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AR Mutations as a Predictor of Therapeutic Response

If hormonal therapy — blocking testosterone, also called “androgen deprivation therapy” — stops working in a man with metastatic prostate cancer, the next step is to go after the androgen receptor (AR). If testosterone is the key, then the androgen receptor is the lock it fits; sometimes, disabling the lock gives an extra benefit for these men. There’s a problem, however: “Some men become resistant to AR-targeting drugs,” says scientist Paula Hurley, Ph.D. It may be that these drugs don’t work because the androgen receptor defies the attempt to block it and keeps on functioning, “possibly through amplification or mutation of the AR gene.” In our last issue, Discovery reported on a test for a variant AR gene, called AR-V7, developed by Jun Luo and Emmanuel Antonarakis. For men who have this variant, the drugs enzalutamide and abiraterone do not work well.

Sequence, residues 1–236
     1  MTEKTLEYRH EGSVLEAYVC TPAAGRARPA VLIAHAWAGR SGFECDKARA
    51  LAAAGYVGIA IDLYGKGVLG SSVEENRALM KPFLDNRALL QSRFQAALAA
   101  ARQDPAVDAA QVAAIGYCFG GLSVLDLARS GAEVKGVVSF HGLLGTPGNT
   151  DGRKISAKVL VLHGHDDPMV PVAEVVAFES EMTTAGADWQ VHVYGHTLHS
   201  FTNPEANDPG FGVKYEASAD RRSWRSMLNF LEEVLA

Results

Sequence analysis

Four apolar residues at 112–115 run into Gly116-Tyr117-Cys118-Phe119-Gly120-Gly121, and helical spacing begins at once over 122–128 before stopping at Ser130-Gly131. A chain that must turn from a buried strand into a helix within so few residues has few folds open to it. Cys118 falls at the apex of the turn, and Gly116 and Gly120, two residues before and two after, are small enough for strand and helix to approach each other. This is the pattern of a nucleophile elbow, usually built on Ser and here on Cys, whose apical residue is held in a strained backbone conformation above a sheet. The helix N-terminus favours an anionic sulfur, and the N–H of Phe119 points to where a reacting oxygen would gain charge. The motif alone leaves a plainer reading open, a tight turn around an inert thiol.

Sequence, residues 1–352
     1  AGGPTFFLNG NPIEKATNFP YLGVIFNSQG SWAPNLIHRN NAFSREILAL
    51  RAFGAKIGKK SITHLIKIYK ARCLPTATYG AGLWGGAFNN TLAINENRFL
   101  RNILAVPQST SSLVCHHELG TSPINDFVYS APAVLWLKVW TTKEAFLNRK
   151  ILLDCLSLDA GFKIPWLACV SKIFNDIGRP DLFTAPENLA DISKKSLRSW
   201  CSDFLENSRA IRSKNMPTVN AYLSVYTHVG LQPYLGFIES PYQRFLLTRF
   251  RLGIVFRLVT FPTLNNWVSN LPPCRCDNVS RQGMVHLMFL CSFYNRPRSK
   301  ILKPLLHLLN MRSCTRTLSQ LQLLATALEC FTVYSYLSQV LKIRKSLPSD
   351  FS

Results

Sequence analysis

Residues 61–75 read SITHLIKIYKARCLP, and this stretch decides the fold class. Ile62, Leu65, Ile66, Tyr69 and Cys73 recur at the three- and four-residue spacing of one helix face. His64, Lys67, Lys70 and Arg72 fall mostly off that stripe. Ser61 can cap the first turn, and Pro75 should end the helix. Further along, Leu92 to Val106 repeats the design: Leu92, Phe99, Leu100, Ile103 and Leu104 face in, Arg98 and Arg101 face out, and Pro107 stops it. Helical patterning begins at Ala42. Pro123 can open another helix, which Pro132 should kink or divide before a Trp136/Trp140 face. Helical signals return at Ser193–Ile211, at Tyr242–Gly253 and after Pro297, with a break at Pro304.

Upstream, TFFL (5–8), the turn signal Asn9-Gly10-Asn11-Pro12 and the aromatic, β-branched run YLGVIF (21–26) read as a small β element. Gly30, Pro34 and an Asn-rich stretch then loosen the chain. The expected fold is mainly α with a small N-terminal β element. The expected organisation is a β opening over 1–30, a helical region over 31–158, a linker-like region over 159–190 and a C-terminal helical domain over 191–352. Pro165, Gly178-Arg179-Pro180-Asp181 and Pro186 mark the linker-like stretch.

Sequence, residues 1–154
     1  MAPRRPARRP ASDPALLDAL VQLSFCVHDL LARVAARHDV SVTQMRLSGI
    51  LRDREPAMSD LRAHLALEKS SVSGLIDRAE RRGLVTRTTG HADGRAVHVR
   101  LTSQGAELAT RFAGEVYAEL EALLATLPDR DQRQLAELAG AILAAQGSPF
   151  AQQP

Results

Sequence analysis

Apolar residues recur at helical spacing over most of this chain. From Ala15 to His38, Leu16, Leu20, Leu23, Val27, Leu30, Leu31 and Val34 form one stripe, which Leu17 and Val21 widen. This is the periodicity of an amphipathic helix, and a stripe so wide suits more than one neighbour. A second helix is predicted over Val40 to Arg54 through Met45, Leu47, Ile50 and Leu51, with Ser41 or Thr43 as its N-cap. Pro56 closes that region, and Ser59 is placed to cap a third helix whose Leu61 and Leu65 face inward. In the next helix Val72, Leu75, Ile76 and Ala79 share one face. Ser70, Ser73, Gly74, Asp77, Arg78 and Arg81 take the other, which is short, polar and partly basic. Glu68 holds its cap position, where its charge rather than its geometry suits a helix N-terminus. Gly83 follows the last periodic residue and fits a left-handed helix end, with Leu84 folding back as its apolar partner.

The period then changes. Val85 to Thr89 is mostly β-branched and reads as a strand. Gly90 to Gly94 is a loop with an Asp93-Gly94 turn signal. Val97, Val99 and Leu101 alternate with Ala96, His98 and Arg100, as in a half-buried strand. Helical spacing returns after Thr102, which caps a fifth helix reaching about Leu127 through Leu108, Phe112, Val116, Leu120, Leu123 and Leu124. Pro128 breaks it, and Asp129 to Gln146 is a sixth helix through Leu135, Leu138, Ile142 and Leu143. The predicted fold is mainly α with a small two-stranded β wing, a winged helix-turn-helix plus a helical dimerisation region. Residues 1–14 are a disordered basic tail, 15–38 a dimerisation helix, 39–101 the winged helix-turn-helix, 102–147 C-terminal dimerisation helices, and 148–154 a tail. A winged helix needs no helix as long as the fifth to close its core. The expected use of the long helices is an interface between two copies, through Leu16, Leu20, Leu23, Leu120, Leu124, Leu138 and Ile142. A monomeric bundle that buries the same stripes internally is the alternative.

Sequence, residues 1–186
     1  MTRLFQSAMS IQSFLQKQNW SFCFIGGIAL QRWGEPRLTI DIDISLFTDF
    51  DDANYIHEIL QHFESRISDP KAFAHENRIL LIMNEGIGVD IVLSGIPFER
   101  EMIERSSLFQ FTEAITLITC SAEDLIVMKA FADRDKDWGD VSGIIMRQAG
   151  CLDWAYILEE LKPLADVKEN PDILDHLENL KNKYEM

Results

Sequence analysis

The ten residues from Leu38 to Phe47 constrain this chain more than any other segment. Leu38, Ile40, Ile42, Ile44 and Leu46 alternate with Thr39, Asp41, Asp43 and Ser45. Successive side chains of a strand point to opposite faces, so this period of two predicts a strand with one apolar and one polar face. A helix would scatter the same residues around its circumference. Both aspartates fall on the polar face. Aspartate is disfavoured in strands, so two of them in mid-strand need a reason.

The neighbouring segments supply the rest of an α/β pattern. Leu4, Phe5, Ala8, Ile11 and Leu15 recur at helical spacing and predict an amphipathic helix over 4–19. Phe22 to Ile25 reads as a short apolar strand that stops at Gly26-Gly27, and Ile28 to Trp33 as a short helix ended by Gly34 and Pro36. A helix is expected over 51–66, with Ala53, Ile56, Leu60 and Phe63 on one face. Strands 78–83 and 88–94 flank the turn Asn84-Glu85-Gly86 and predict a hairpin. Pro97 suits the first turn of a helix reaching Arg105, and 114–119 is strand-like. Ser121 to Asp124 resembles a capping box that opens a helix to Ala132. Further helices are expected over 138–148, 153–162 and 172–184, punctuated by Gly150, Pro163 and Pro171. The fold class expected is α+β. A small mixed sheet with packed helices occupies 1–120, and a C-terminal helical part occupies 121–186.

If testosterone is the key, then the androgen receptor is the lock it fits; sometimes, disabling the lock gives an extra benefit.

“These types of AR gene alterations are almost exclusively seen in patients treated with therapies blocking androgen-AR activity,” Hurley notes. “However, there is still a lot we don’t understand about these AR mutations. Confounding variables have hindered our ability to determine fully their predictive capability and biologic role. For example, the prevalence of each individual AR mutation remains low. But AR mutations often overlap, making it difficult to determine their individual contribution to resistance.”

We need a better understanding what these different mutations do, and how they interact, says Hurley. With support from the Patrick C. Walsh Prostate Cancer Research Fund, she will explore how these AR mutations affect a man’s response to anti-cancer drugs, with the hope of finding ways around these roadblocks — so the medicines can work better in the men who need them most.

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